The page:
Helmholtz Gemeinschaft


Proteome profiling outperforms transcriptome profiling for coexpression based gene function prediction

PDF - Requires a PDF viewer such as GSview, Xpdf or Adobe Acrobat Reader

Item Type:Article
Title:Proteome profiling outperforms transcriptome profiling for coexpression based gene function prediction
Creators Name:Wang, J. and Ma, Z. and Carr, S.A. and Mertins, P. and Zhang, H. and Zhang, Z. and Chan, D.W. and Ellis, M.J.C. and Townsend, R.R. and Smith, R.D. and McDermott, J.E. and Chen, X. and Paulovich, A.G. and Boja, E.S. and Mesri, M. and Kinsinger, C.R. and Rodriguez, H. and Rodland, K.D. and Liebler, D.C. and Zhang, B.
Abstract:Coexpression of mRNAs under multiple conditions is commonly used to infer cofunctionality of their gene products despite well-known limitations of this "guilt-by-association" (GBA) approach. Recent advancements in mass spectrometry-based proteomic technologies have enabled global expression profiling at the protein level; however, whether proteome profiling data can outperform transcriptome profiling data for coexpression based gene function prediction has not been systematically investigated. Here, we address this question by constructing and analyzing mRNA and protein coexpression networks for three cancer types with matched mRNA and protein profiling data from The Cancer Genome Atlas (TCGA) and the Clinical Proteomic Tumor Analysis Consortium (CPTAC). Our analyses revealed a marked difference in wiring between the mRNA and protein coexpression networks. Whereas protein coexpression was driven primarily by functional similarity between coexpressed genes, mRNA coexpression was driven by both cofunction and chromosomal colocalization of the genes. Functionally coherent mRNA modules were more likely to have their edges preserved in corresponding protein networks than functionally incoherent mRNA modules. Proteomic data strengthened the link between gene expression and function for at least 75% of Gene Ontology (GO) biological processes and 90% of KEGG pathways. A web application Gene2Net (http://cptac.gene2net.org) developed based on the three protein coexpression networks revealed novel gene-function relationships, such as linking ERBB2 (HER2) to lipid biosynthetic process in breast cancer, identifying PLG as a new gene involved in complement activation, and identifying AEBP1 as a new epithelial-mesenchymal transition (EMT) marker. Our results demonstrate that proteome profiling outperforms transcriptome profiling for coexpression based gene function prediction. Proteomics should be integrated if not preferred in gene function and human disease studies.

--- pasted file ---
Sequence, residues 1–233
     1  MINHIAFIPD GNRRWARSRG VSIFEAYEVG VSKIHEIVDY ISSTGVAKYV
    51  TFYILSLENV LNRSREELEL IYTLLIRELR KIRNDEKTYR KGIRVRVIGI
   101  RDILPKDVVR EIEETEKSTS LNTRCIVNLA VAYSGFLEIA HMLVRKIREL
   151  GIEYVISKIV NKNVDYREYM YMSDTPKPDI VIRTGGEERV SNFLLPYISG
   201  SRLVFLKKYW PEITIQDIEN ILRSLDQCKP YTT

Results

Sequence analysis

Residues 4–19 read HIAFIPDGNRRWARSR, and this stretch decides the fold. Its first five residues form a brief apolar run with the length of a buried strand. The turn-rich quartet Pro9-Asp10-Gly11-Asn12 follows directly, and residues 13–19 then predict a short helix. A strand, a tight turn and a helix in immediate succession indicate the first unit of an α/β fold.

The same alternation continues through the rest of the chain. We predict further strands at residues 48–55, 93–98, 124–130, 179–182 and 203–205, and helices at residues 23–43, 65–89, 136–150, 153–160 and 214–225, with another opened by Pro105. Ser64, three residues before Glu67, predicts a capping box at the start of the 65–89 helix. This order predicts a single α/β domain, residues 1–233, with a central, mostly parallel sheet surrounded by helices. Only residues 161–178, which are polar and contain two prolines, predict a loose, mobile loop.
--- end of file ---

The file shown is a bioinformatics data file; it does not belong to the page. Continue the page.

Keywords:Algorithms, Chromosome Mapping, Epithelial-Mesenchymal Transition, Gene Expression Profiling, Gene Regulatory Networks, Mass Spectrometry, Neoplasms, Neoplastic Gene Expression Regulation, Oligonucleotide Array Sequence Analysis, Protein Interaction Maps, Proteomics, Web Browser
Source:Molecular & Cellular Proteomics
Publisher:American Society for Biochemistry and Molecular Biology
Page Range:121-134
Date:1 January 2017
Official Publication:https://doi.org/10.1074/mcp.M116.060301
PubMed:View item in PubMed

Repository Staff Only: item control page


Downloads per month over past year

Open Access
MDC Library